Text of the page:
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The 2019 Microsoft Patent USB-C mechanism
What is Patent? …
A patent is a form of intellectual property. A patent gives its owner the right to exclude others from making, using, selling, and importing an invention for a limited period of time, usually twenty years. The patent rights are granted in exchange for an enabling public disclosure of the invention.
Originally filed on May 23, 2018, the patent for a “Magnetically activated latch mechanism” describes a method for having magnets positioned adjacent to both ends of a USB-C port.
Similar to Apple’s Mag Safe technology, Microsoft envisions a plug tip with one or more magnets on the left or right sides of a given device to cooperate with a “latching feature to switch between an engaged state and a disengaged state.”
That means that a special magnetic USB C cable can be held in place securely, without damage to the device if a consumer happens to trip on the cable and force it out.
Furthermore, the patent also suggests that standard USB C cables will also work with the mechanism. In its details, the patent shows several images of spring mechanisms and mentions a minimum distance of 4.0 mm for the magnets to kick in and pull the cable toward a device, instead of having the consumer force it in.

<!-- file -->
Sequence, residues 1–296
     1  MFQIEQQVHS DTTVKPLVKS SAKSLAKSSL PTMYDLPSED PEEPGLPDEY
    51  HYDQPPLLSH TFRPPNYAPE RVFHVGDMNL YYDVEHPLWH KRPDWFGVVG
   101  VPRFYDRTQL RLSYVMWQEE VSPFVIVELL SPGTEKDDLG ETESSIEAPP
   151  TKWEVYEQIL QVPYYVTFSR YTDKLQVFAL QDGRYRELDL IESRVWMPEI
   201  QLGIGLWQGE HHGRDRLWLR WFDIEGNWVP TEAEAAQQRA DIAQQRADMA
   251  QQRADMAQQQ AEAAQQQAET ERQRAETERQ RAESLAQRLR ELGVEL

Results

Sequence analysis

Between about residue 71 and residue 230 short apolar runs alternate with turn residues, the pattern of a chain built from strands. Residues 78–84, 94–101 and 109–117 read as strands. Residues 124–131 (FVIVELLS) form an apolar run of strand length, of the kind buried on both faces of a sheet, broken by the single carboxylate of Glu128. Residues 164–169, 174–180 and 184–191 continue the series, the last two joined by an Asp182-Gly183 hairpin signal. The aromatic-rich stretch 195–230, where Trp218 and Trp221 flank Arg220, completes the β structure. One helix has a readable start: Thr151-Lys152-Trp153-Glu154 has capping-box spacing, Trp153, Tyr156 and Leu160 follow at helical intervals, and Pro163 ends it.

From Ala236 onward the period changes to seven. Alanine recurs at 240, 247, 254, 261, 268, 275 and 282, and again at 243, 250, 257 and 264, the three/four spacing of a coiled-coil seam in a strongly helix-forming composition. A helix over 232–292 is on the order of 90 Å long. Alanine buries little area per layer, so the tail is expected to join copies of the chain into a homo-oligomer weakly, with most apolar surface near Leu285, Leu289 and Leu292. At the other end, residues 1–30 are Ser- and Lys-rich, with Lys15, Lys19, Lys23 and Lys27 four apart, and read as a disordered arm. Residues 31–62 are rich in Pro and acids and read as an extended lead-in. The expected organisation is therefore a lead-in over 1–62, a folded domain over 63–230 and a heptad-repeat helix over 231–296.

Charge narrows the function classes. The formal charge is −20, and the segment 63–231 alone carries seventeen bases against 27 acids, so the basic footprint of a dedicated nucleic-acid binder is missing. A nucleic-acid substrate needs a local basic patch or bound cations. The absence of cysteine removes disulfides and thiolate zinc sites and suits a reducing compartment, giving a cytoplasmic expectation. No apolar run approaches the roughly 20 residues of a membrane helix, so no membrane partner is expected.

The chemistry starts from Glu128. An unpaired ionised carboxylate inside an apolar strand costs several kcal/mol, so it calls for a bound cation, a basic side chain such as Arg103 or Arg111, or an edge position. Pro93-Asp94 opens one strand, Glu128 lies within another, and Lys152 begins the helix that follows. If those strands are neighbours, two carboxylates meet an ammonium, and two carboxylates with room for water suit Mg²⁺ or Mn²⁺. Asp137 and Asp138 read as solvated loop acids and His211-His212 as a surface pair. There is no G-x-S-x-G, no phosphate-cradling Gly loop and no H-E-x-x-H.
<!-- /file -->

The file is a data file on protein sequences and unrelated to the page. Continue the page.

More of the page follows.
The Microsoft patent Implementation
“In some implementations, the distance between the two parts before the parts are drawn together may have an upper value or upper and lower values including 4.0mm …
When a standard plug or receptacle is use(d) with one or more implementations of a receptacle of the present disclosure, the magnets on the receptacle side may not provide any input, and the “friction experience” is felt by the user,” explains the patent.
Of course, a similar type of magnetic connection system is already present onboard Microsoft’s Surface Connect port, but that is a proprietary technology.
Bringing it over to USB C not only would make future Surface devices more powerful with faster connection speeds but it also easier for consumers to charge up and transfer data on the go.
This hasn’t been the first patent from Microsoft in recent months. Previous patents have suggested a redesigned Type Cover for a slimmer and lighter Surface device, as well as a reflective touch display.
Of course, these type of patents don’t always end up in final products, but they offer some insight into Microsoft’s future plans and direction.